This is obviously the most useful for websites, but Apple’s developer site links to this with the descriptor “for web and apps on other platforms” so clearly they’re ok with Android apps using it too.

I agree with the sibling in that defaults are powerful.

However, I've never built anything directly used "by the public", nor am I very familiar with how Apple Sign in works.

So I'm wondering, as the developer of a trustworthy app, what's the drawback in the user giving an obfuscated address?

Is it not possible for you to contact the user using this address? Does the user have to manually allow getting mail to this address or somehow jump through some hoops to read it?

As explained in the article a lot of people use the iCloud mail for their apple account and they don’t check it because they use another provider main mail address. Furthermore if they contact them from their email for support they have no way to associate it with the mail registered in the system, so they can’t help them. If you ask me they seem both very valid points.

Can't they just ask the user to open the app and send them some identifying number they can find in the ui?

Not if they have no ability to reply to the user in the first place. The user may also be contacting support because they lost access to their account and not be able to access the identifying number.

If the user emails them they can certainly reply. It's just a matter of showing their email somewhere. The ID can be shown before the user logs in. That would not be less secure then relying on the email to reset the password. If someone is able to access the user's unlocked phone, they probably can access their email account too.

> if they contact them from their email for support they have no way to associate it with the mail registered in the system, so they can’t help them.

Thanks for the clarification, I didn't think of this scenario.

This looks like a pretty big problem, as I can imagine a situation where the user doesn't have access at all to the app and may not have kept the initial email with any identifying info.

Isn't there an easy way for the user to know which obfuscated address was used for which app?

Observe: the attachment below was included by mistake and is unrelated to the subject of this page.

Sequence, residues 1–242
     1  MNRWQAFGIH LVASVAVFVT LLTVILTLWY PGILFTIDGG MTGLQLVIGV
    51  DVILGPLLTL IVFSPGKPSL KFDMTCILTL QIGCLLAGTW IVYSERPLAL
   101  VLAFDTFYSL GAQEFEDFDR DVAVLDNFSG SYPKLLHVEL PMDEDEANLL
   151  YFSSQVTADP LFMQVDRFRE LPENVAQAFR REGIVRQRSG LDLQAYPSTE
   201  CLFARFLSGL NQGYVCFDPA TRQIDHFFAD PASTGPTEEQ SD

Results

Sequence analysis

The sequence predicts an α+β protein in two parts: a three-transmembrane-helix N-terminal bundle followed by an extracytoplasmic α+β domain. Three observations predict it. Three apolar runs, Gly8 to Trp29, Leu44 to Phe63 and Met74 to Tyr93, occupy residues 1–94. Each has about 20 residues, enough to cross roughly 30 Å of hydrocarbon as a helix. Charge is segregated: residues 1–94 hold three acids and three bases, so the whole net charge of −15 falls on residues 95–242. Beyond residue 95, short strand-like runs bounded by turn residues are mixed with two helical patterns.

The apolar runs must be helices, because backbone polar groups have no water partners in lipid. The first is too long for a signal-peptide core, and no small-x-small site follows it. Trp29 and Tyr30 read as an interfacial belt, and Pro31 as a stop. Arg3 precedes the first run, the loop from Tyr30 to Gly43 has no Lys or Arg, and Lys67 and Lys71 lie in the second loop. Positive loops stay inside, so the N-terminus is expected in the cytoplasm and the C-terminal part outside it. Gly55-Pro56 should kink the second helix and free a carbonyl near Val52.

Do you have a number for “a lot of people”? I am very skeptical of this data point.

This email address is used for a lot of communication with Apple, e.g. receipts from App Store.

Receipts from the app store go to my gmail account.

I bought my iMac on the Apple store, and the receipt was also sent to my personal account.

Why do you need my email address? I wouldn't give it to you just so you can have bad database security and then have my email dumped somewhere.

Why is it a problem for you?

Most likely. Never underestimate the power of defaults

>My app isn’t untrustworthy at all either.

That's up to the user to decide. For me trustworthy = something like Basecamp, Amazon, etc, not some random small app.

> That's up to the user to decide.

> trustworthy = [...] Amazon

Good point, because your example includes one of the few companies I don't trust at all.

different types of trust.

Trust not to misuse.

Trust not to leak in a breach.

Realistically, my email address is something I trust Amazon with both of, because email isnt how they spam me, they are smart enough they can identify me without my email address, and I expect their security to be more hardened and battle tested.

Yes i obfuscate by default but as a user it’s also not immediately apparent to me that this would cause unintended side-effects. It’s really up to both the app developer and Apple to enable good user experience by designing around human behavior, rather than trusting the user can always make those decisions.

"My app isn’t untrustworthy at all either. It’s an experimental ..."

There is a big contradiction in there...

Everything experimental is by definition untrustworthy.

I choose to obfuscate because I don't want every app I download to have my email address.